Refering to FIG. 1, a Bollard post-type lamp indicated generally at 10 includes a support post 11 mounted on the ground 12, having a cap 13 thereon. A light socket is generally mounted on the interior. The fixture is shown having a plurality of stacked unitary louver and sleeve assemblies 15 made according to the present invention. Assemblies 15 are used for directing the light from an internal lamp (not shown) downwardly around the post, and to eliminate the direct glare of the lamp or luminaire positioned on the inside of the sleeve.

FIG. 2 shows the general configuration of a typical unitary sleeve and louver assembly 15, and FIG. 3 shows a sectional view of such assembly. The louver assembly 15 as shown has a central sleeve 20 that constitutes a peripheral wall having an inner surface 21, and an outer surface 22. Normally, a luminaire or lamp is positioned within the sleeves generally along the central axis, and light would shine out through the vertical wall of the sleeve 20. As shown, the inner surface 21 has a plurality of axially oriented grooves 23 formed in the surface that form prism-type refracting surfaces for diffusing the light that passes through the plastic sleeve wall 20. These grooves can be on the outer surface of the sleeve as well.

A louver flange indicated at 25 is integrally molded with the wall 20 adjacent an upper end as shown at 26. The louver comprises an outwardly, tapering peripheral flange wall that is continuous around the sleeve 20 and tapers outwardly from one end toward the other end so that there is a space indicated at 27 for light to be directed downwardly from the undersurface 28 of the louver. The louver undersurface 28 also, as shown, has v-grooves 30 that are generally horizontal, that is, generally perpendicular to the grooves 23 on the inner surface 21, to aid in diffusing light and directing light in the proper locations. These grooves 30 can be molded in at the time the entire louver assembly 15 is molded. The angle of inclination of the louver 25 can be the standard angles that are used with present louvers. The integral assembly provides assurance that the parts will not get lost, and will continue to form the necessary enclosure.

As can be seen in FIG. 3, the upper and lower edges of the sleeve 20 are provided with interfitting shoulder surfaces. An upwardly facing outer shoulder surface 33 is formed by having a peripheral recess 34 forming an internal collar 35 that fits within an internal recess 36 on the bottom of the next adjacent louver assembly. The internal recess 36 forms an outer flagne 37 that has a surface that fits against the shoulder 33 and outside of the wall section 35, to telescope or nest the louver sections together as shown in FIG. 4. In other words, they have interfitting, interlocking sections between the adjacent edges of the stacked louvers. There are at least two abutting surfaces that seal the interior of the sleeve.

Any number of louver assemblies 15 can be stacked on top of each other, and then they are held in place with suitable tie rods indicated generally at 40 which are positioned in openings extending through bosses 41 at the corners of the louver assembly shown in FIG. 2. The tie rods then are either threaded into appropriate receptacles in the post 10 or into nuts that are welded in place and nuts at the opposite ends of the tie rods that are tightened down for assembly.

In FIG. 4, a modified version of the louver flange 25 is shown at 25A, and includes v-shaped grooves 43 on the undersurface of the louver flange. These grooves 43 extend generally parallel to the central axis of the louver sleeve, or in other words at substantially right angles to the grooves 30 that are shown in FIG. 3, for variations in the type of light diffusion that can be made available.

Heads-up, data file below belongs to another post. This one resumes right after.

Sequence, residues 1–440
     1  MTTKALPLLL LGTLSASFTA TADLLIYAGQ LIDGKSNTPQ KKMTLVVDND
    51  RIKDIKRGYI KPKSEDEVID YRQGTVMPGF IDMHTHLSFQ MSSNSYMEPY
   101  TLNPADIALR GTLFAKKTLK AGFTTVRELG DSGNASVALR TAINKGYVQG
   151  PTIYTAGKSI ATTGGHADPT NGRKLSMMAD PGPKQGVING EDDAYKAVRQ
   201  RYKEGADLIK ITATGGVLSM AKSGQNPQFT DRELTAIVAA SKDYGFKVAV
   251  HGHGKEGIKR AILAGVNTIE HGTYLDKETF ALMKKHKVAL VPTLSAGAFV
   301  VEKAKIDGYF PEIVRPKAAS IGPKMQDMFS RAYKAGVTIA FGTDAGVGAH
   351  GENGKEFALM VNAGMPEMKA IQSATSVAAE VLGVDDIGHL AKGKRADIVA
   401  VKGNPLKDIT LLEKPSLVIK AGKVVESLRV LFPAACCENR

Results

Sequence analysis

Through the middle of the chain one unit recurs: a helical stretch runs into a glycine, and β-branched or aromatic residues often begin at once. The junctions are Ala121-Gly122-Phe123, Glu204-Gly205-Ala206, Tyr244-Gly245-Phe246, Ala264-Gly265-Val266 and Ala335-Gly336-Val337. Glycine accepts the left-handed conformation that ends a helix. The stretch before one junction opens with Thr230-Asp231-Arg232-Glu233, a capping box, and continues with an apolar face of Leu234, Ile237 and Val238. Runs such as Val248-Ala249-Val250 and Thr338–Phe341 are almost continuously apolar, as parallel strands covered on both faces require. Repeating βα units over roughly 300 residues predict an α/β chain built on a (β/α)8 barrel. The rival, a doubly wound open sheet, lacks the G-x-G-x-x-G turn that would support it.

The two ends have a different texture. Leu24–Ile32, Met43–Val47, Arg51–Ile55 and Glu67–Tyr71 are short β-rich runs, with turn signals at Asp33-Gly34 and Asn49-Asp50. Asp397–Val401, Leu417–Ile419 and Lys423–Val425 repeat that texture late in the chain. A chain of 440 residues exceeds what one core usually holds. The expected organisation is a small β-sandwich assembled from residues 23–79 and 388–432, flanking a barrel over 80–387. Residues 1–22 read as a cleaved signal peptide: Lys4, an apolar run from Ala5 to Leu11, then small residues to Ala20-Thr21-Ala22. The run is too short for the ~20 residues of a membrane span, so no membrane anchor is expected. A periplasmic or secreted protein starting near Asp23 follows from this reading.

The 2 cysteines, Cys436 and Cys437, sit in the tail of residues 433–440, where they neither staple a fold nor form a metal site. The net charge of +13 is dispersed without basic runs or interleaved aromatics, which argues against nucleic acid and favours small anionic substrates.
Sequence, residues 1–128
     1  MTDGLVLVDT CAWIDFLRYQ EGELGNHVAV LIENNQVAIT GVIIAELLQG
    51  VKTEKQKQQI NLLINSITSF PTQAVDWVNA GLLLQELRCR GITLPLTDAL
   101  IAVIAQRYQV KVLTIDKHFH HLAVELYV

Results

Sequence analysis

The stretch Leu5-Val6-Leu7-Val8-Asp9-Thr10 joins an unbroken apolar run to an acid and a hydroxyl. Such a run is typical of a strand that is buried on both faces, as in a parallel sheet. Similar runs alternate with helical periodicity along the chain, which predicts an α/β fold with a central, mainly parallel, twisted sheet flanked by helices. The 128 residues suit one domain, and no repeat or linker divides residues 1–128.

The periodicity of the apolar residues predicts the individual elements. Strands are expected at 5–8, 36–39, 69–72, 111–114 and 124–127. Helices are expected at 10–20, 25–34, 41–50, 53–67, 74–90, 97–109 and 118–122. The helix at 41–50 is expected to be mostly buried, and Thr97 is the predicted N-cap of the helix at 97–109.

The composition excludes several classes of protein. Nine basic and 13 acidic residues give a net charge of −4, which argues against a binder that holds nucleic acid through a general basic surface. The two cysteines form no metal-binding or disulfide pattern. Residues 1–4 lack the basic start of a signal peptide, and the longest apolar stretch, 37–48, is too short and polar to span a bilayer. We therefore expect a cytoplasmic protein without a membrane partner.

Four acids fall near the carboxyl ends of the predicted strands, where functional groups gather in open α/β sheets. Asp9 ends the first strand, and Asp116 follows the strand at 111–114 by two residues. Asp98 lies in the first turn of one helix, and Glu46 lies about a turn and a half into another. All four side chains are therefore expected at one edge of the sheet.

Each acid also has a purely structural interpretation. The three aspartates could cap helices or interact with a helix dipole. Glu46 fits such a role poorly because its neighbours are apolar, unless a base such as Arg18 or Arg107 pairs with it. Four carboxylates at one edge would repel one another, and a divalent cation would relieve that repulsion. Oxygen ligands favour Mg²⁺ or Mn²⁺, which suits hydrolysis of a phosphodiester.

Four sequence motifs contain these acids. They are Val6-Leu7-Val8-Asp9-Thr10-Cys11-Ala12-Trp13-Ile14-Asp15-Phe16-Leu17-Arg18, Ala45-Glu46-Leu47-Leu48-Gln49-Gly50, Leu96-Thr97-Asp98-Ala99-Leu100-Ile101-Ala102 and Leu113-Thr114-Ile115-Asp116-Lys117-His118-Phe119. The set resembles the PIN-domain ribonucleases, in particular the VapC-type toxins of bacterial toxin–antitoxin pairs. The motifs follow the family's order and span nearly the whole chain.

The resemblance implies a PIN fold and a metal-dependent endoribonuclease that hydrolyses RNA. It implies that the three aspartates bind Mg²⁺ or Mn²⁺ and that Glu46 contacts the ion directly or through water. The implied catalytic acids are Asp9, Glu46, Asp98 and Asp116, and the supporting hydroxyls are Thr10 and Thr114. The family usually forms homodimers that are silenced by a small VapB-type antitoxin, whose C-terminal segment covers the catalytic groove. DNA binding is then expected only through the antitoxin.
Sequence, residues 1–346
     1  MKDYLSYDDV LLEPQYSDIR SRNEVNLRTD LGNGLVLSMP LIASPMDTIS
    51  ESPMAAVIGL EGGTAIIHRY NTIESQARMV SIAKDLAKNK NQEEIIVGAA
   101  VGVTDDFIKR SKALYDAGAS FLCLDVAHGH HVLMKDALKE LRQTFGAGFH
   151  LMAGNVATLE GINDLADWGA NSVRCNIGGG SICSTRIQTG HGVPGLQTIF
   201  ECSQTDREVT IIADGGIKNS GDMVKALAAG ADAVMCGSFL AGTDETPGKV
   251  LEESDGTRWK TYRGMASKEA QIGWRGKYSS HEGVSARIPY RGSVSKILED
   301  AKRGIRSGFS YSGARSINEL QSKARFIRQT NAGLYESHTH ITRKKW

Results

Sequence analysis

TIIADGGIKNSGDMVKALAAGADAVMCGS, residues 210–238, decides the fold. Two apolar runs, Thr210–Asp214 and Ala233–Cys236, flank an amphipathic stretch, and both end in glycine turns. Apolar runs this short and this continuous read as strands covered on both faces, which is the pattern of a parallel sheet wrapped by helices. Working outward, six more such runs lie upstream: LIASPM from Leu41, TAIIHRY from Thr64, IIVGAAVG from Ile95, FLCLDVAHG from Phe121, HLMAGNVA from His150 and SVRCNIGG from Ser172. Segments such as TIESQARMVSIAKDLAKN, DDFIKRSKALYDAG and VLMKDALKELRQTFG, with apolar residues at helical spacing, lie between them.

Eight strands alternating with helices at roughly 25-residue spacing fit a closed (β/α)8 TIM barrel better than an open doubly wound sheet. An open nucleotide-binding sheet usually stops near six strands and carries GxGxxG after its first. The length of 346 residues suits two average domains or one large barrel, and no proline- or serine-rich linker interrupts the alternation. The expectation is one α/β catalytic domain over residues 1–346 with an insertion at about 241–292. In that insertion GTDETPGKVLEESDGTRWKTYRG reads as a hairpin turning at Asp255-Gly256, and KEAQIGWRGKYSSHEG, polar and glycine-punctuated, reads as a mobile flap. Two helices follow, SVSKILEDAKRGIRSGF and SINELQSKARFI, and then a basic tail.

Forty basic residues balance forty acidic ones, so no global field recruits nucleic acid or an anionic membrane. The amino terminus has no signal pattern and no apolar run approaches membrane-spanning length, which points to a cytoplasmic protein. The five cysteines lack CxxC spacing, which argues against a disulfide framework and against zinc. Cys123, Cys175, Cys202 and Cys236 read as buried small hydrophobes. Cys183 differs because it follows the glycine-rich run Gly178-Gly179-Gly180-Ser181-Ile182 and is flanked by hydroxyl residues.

The lower edges of the louver flanges which are indicated at 45 in both FIGS. 3 and 4 terminate along a plane that is substantially coincidental with the lower edge surface of the telescoping flange 37 of the sleeve, and this permits the louver assemblies to be positioned so that the edges 45 face each other. For example, in FIG. 5 a lighting fixture 50 is shown to have a short horizontally extending post 51 mounted on a vertical wall 52 such as a building wall, and a support housing 53 at the outer end that supports a light and also supports the tie rods 40 that are used. In this instance, the individual louver assemblies 15 are positioned so that the edges 45 are mating on two louver assemblies, and then the louver assemblies are stacked as shown in FIG. 4. The associated pairs of louver assemblies are mated with an adjacent pair to provide a different configuration for changing the external appearance of the light.

In other words, the louver assemblies are capable of being stacked end-to-end in orientations 180 from each other. When stacked with the edges 45 contiguous, the inner chamber of the sleeve 20 is still closed or sealed with two mating surfaces, namely, the surfaces at edges 45 of flanges 25 and the facing end edges of the telescoping flanges 37.

In FIG. 6, a further modified light fixture indicated at 60 is provided, and in this instance a horizontal arm 61 is mounted onto a vertical wall 62 with a suitable bracket 63, and has a housing 64 that will support both up and downwardly extending light bulbs or luminaires. The louver assemblies 15 on the lower side of the housing or support 64 are oriented as shown in FIG. 1, with the flanges 25 extending downwardly, but on the upper side of housing 64 the louver assemblies 15 are inverted to form a fixture 66 that has the louvers 25 extending upwardly from their supporting sleeve.

Variations of the orientation of the louvers can be made as desired to achieve unique configurations.